We call Jesus our best friend, or as one movie portrayed Jesus as “Buddy Christ” But God in telling Moses that he cannot see God’s face, tells Moses and the world that God lives within a tension. God is both transcendent, and far away, but yet at the same time God is very near and accessible. As God lives in this tension, so must we.Yet again in the priestly blessing from Leviticus we have another example of this desire to see God’s face.
“The LORD spoke to Moses, saying: Speak to Aaron and his sons, saying, Thus you shall bless the Israelites: You shall say to them, “The LORD bless you and keep you; the LORD make his face to shine upon you, and be gracious to you; the LORD lift up his countenance upon you, and give you peace.”
Here again, this time though being spoken from God through Moses, we desire that intimacy with God, to know God, and note for God to be gracious to you. To be gracious is to show grace to another individual.
So as you may begin to see, seeing the face of God is all throughout scripture, but yet also no one has seen God face to face. Although in the Psalm 11 verse 7 it says something quite interesting. It says, “For the LORD is righteous; he loves righteous deeds; the upright [or the righteous] shall behold his face.” According to the Psalmist, those who are righteous will see God’s face.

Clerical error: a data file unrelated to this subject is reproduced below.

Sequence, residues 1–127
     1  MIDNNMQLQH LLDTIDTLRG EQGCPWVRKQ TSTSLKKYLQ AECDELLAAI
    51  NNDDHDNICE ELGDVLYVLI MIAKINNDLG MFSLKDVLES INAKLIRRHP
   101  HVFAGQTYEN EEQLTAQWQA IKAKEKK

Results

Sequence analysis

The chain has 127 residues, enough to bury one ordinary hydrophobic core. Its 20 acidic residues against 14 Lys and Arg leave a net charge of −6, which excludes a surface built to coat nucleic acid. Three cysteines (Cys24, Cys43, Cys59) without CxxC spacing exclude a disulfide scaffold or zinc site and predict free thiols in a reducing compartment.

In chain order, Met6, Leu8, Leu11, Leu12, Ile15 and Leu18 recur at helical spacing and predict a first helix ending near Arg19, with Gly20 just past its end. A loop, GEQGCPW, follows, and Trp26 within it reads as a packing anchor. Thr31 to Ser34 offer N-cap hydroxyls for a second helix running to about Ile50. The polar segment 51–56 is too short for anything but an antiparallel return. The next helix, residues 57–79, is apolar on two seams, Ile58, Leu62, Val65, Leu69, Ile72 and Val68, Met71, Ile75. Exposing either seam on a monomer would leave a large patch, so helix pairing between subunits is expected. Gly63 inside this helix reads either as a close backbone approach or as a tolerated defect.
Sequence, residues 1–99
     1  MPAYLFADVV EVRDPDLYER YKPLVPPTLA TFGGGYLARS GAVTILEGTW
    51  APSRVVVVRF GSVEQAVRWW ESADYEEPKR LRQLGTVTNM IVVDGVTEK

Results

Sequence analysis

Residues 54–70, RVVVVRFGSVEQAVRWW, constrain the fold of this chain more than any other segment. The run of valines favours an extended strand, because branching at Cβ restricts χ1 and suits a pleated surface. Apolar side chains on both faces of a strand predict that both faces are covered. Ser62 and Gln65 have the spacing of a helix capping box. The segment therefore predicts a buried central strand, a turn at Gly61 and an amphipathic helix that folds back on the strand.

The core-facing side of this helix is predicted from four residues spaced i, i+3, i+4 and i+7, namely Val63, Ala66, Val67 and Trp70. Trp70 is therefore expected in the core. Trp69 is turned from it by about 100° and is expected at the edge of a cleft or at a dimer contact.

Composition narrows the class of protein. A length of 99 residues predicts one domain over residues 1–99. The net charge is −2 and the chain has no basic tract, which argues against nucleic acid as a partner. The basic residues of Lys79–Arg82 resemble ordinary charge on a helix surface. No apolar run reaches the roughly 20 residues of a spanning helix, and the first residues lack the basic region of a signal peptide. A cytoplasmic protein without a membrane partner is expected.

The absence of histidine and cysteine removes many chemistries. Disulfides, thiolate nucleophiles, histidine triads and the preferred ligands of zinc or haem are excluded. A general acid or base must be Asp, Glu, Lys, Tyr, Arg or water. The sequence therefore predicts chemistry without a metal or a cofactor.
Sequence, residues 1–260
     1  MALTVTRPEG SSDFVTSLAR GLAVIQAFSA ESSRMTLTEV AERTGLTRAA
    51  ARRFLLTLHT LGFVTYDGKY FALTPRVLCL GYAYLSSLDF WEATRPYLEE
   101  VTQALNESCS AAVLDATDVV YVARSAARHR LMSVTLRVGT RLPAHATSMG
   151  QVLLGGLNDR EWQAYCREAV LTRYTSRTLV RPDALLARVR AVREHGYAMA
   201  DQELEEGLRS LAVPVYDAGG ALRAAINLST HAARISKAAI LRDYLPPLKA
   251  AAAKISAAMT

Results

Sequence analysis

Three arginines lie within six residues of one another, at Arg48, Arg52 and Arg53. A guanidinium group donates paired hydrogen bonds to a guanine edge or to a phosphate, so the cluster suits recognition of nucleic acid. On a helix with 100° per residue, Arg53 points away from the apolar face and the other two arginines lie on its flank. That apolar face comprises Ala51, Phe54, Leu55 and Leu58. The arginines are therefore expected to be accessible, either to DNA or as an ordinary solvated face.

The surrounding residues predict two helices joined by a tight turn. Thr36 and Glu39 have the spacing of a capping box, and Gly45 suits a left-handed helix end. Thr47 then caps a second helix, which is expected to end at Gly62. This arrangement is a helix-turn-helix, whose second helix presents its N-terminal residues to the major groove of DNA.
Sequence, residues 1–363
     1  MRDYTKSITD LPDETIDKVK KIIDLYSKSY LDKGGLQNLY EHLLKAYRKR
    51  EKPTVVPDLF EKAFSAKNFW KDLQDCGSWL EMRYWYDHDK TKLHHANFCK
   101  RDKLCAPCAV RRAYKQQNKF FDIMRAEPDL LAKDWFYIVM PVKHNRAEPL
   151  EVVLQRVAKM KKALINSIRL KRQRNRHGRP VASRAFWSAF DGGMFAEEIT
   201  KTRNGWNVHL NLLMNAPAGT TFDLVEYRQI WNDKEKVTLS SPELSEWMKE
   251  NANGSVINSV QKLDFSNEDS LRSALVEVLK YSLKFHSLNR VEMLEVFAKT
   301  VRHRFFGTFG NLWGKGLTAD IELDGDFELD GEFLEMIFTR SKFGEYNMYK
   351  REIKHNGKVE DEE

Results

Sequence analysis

And finally in Revelation 22 in the New Heaven and the New Earth it says, “But the throne of God and of the Lamb will be in it, and his servants will worship him; they will see his face, and his name will be on their foreheads. And there will be no more night; they need no light of lamp or sun, for the Lord God will be their light, and they will reign forever and ever.”
You know as I continue to think about the righteous seeing the face of God, and the promise that the servants of God will see the face of God in the New Heavens and New Earth, it reminds me more and more of the small group study that we have been having on Wednesday nights. This foundational understanding of desiring to see God and doing so through the Grace of God and striving for righteousness in our Christian character is the entire essence of the study and as we have been learning the basis for our lives. It gives meaning and purpose to this life on earth, that we desire this intimacy of God.